Inside, paintings and statuary were arranged to great advantage, all priced within Marshall's range. They reminded Susan of things she had seen in the many picture books of England that she had often lingered through. A lovely copy of a Constable showing the English countryside hung beside the photo of a beautiful blonde-haired woman with sparkling eyes and a very pleasant smile.

"How do you like the gallery?"

Susan turned to find Phil Allen standing beside her. She instantly became a bit flustered but hid it as well as possible.

"It's beautiful. Something that Marshall has needed and what a wonderful building to put it in."

"Thank you. I own it. That picture is my favorite, too."

"Which one?"

"Both, actually. The Constable was my wife's favorite. Shelley taught me what little I know about art and that was her favorite. That's Shelley." He indicated the lovely lady.

Susan felt a sense of disappointment and relief at the same time. She hadn't noticed that he had said "was". Her mind seemed to go blank as his intense gaze held hers. She finally forced herself to look back at the painting as he spoke.

"I'm always hoping no one buys it. I guess that's why I have Shelley guarding it."

He showed her around and she saw many pieces she would love to have, but none more than the first one, where she lingered when they came to the end of the tour.

"How about lunch?" he asked. "The hotel restaurant has a good menu."

She hesitated, but she did need the interview and this would be a neutral ground. Susan nodded and Phil smiled. That slow, peaceful smile that drew her in. She explained about the interviews and asked if she could combine the questions with lunch.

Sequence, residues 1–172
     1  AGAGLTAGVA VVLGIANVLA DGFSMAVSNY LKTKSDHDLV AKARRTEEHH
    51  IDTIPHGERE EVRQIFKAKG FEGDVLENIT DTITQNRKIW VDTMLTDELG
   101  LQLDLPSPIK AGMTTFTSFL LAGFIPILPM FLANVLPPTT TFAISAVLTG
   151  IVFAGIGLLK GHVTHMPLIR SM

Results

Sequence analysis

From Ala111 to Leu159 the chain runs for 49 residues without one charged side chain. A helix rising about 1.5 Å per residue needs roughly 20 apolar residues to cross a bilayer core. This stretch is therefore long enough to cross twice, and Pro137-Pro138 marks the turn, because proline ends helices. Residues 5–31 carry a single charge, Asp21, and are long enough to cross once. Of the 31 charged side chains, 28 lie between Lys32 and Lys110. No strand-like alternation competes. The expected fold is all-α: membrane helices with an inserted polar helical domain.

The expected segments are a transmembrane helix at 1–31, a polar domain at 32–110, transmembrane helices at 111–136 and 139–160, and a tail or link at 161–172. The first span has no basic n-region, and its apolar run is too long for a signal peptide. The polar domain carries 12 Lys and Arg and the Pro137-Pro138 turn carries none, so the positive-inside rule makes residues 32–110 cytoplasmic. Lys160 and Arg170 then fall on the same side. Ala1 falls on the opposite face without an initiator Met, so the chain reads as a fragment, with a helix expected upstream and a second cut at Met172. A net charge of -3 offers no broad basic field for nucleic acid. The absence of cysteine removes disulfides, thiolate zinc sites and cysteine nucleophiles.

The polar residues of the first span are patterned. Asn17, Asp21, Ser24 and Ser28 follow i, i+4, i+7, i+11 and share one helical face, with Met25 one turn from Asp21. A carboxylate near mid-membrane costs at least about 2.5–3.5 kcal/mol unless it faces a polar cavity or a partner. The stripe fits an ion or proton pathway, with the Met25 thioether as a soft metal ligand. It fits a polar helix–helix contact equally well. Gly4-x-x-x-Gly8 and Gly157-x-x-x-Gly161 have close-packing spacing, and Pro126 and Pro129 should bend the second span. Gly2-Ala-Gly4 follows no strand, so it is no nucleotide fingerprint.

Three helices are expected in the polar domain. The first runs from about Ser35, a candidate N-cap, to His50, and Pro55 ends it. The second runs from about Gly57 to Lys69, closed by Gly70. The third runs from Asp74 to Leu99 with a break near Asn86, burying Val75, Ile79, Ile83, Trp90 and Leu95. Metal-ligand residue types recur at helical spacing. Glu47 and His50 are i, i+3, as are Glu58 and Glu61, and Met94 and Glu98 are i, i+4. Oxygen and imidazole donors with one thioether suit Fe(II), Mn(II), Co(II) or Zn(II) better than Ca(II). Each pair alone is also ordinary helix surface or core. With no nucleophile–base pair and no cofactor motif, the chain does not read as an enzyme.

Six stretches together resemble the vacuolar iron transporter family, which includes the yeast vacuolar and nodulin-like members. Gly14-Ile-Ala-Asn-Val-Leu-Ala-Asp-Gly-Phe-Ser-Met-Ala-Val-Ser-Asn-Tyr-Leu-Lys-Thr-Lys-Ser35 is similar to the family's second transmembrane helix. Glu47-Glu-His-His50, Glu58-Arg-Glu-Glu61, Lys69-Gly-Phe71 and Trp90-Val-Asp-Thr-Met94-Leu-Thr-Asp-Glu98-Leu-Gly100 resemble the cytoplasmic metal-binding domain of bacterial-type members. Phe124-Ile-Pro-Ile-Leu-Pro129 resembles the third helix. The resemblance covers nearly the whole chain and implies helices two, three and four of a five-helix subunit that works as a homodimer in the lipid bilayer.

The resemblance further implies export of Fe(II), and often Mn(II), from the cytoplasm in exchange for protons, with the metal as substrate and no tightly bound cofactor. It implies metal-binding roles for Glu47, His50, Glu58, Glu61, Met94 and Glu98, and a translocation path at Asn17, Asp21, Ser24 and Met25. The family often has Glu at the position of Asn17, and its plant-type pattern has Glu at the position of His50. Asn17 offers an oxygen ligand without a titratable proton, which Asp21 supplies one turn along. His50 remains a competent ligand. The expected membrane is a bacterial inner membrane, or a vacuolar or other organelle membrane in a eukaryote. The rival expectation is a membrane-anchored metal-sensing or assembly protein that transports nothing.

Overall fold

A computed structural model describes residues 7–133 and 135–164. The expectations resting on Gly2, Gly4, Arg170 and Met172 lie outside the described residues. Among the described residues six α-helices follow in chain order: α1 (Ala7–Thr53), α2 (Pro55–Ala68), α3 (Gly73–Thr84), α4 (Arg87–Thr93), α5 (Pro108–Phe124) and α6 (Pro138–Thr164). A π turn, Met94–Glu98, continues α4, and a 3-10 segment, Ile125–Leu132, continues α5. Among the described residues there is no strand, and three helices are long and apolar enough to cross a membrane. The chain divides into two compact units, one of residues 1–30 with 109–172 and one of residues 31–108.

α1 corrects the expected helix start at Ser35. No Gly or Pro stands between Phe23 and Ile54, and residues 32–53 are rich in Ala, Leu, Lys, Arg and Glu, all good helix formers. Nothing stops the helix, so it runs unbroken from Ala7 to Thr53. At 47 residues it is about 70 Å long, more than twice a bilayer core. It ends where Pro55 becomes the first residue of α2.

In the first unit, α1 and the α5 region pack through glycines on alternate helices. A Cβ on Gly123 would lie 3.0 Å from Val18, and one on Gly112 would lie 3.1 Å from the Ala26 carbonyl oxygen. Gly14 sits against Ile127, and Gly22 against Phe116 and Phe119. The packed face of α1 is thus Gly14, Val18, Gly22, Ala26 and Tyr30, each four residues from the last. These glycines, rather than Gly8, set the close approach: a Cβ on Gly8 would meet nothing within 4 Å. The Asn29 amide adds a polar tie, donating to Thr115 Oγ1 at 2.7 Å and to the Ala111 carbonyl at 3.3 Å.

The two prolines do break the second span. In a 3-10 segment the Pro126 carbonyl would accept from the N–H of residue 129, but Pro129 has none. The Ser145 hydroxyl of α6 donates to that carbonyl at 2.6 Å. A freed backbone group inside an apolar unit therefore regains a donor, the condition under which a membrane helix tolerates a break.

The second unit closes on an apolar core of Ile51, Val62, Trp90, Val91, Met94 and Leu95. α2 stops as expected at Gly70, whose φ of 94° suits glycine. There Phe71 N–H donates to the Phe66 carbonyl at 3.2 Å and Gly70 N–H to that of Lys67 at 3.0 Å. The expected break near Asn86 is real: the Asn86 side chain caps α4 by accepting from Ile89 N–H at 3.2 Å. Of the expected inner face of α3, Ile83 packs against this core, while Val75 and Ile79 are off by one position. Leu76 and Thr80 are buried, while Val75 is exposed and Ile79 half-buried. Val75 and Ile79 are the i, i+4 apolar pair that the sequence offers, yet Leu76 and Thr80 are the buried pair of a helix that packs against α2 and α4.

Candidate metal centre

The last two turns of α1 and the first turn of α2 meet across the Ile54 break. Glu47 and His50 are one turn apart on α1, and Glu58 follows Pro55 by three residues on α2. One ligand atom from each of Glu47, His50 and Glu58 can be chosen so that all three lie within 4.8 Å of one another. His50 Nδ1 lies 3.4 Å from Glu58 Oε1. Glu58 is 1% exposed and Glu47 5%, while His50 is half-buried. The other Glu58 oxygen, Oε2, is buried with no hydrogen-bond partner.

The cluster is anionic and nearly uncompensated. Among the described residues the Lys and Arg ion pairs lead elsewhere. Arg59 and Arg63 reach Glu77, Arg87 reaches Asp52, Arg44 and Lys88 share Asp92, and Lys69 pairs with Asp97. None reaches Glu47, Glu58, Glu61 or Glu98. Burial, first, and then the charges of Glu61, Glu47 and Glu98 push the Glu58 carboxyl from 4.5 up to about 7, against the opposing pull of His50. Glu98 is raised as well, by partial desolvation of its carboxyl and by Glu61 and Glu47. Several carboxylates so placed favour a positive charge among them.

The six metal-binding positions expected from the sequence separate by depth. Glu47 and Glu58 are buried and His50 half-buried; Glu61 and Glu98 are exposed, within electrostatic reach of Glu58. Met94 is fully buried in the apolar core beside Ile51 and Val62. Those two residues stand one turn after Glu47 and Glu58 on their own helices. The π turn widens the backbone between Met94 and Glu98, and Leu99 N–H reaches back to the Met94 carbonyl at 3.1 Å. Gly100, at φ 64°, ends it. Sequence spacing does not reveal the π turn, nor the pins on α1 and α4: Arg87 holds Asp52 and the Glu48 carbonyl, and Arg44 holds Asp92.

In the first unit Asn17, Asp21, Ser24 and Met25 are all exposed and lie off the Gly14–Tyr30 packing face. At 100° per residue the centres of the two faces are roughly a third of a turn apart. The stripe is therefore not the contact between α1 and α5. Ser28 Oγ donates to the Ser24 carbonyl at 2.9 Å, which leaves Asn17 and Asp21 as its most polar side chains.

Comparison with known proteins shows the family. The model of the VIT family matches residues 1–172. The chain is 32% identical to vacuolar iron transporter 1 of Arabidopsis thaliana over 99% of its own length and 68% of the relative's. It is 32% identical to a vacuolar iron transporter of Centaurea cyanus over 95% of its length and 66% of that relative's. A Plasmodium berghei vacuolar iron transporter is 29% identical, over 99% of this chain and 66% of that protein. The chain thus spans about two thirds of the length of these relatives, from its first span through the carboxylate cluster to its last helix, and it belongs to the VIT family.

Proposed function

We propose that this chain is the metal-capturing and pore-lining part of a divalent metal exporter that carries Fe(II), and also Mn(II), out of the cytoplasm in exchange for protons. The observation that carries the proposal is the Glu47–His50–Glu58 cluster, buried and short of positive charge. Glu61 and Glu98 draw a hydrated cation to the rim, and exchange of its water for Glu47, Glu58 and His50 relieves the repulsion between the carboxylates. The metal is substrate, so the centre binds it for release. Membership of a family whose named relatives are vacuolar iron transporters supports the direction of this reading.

"Love to," he said and they went across to the hotel.

As they waited for their meals, Susan took notes.

"Well, I was born in London. I was a professional hair stylist as was Shelley. We split when our son Brian was little. That's when I moved to Yorkshire. But I never lost my love for Shelley." He was quiet for a bit, the food arrived, and Susan asked no more questions till they were finishing the desert.

"How did you come to Marshall?"

"Well, when Shelley died of cancer, and Brian married, I just wanted to get away, change everything. A friend in London was into investments, using the NY Times ads to find interesting stuff. I offered to put in my half with money I'd saved and came over here to scout things out. I love Marshall. I'm glad to be here. It has been much easier to get over Shelley's being gone."

"Well, we appreciate your interest," Susan said. She noticed now the lines of sadness around his eyes and wished she could bring comfort to him. However, she fought the feeling and when they parted, Susan felt a great sense of relief. Once the interview was submitted, all would be normal again. But it was not as simple as she thought.